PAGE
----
Letters from the Issue of November 20, 2003
Meanwhile, free weekly frolics in frivolity: As I scanned through New Times's tongue-in-cheek delineation of the upcoming FTAA ministerial meeting ("Free Trade Miami: Your Essential Guide to the FTAA," November 13), the frightening question on the minds of many thoughtful people occurred to me: Does anyone really care?
As the American people rush headlong (like lemmings to the sea) toward a social and economic apocalypse brought on by the crimes of capitalism, it is "lite" reportage such as yours that aids and abets the blind march to frivolous diversions and placating addictions.
Even as the disease of capitalistic greed devours all but the corporate-political elite, I fear most of New Times's readership was frantically looking for the week's installment of "Savage Love." Sadly, after a few pages of reading, so was I.
Free weekly cuts loose, leaves dailies dizzy: While having breakfast this past Saturday morning at Einstein's on Miracle Mile, I grabbed a copy of New Times out of the rack because of my interest in the FTAA ministerial meeting this week. I am not a regular reader of the paper, although I enjoy it occasionally.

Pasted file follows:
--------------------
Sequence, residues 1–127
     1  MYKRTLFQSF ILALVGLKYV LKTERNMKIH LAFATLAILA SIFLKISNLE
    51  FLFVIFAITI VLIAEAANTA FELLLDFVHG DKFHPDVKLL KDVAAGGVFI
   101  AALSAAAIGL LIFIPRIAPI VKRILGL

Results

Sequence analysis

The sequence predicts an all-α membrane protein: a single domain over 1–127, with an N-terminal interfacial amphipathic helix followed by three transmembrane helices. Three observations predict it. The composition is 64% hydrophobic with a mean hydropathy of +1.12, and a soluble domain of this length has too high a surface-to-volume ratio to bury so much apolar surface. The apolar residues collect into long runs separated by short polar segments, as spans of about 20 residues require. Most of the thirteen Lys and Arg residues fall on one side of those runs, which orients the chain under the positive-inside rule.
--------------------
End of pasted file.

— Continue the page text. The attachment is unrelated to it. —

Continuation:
I want you to know that I read every article in "Free Trade Miami" and found the coverage informative, comprehensive, and entertaining. I think New Times has done a better job in one issue than some of your better-known daily newspaper competitors. Congratulations.
FTAA: Caution -- Keep Away from Open Flame
America's Poorest City is ready to blow: Having lived in Seattle during the 1999 WTO riots, I have to ask Miami: What were you thinking when you agreed to host the Free Trade Area of the Americas summit?
There are many protest groups who disagree with globalization and free trade, and many other groups who will use this platform to voice their opinions. Expect to see everything from Greenpeace, women's rights groups, and Free Tibet, to the NRA and Save the Manatees. If they have a cause they will be in Miami this week. There will also be outlaw groups such as the now-famous anarchists, who are just waiting to feed off the first inevitable sign of police aggression. Then there will be the thousands of "neutral" onlookers.
What happened in Seattle and what will likely happen in America's Poorest City is that these neutral thousands will tend to justifiably sympathize with the victims of one or more global injustices; you would have to be heartless not to. Combine that with the already abhorrent class division in Miami-Dade County (one of the few places you can see a Lamborghini swerve to miss a homeless person), and you have a very passionate combination of anger, frustration, and rebellion.
Miami is a powder keg, more so than Seattle was. One wrong move by law enforcement and it won't be the anarchists who shut down Miami, but the thousands of "normal" people who will turn against everything they think is wrong in the world.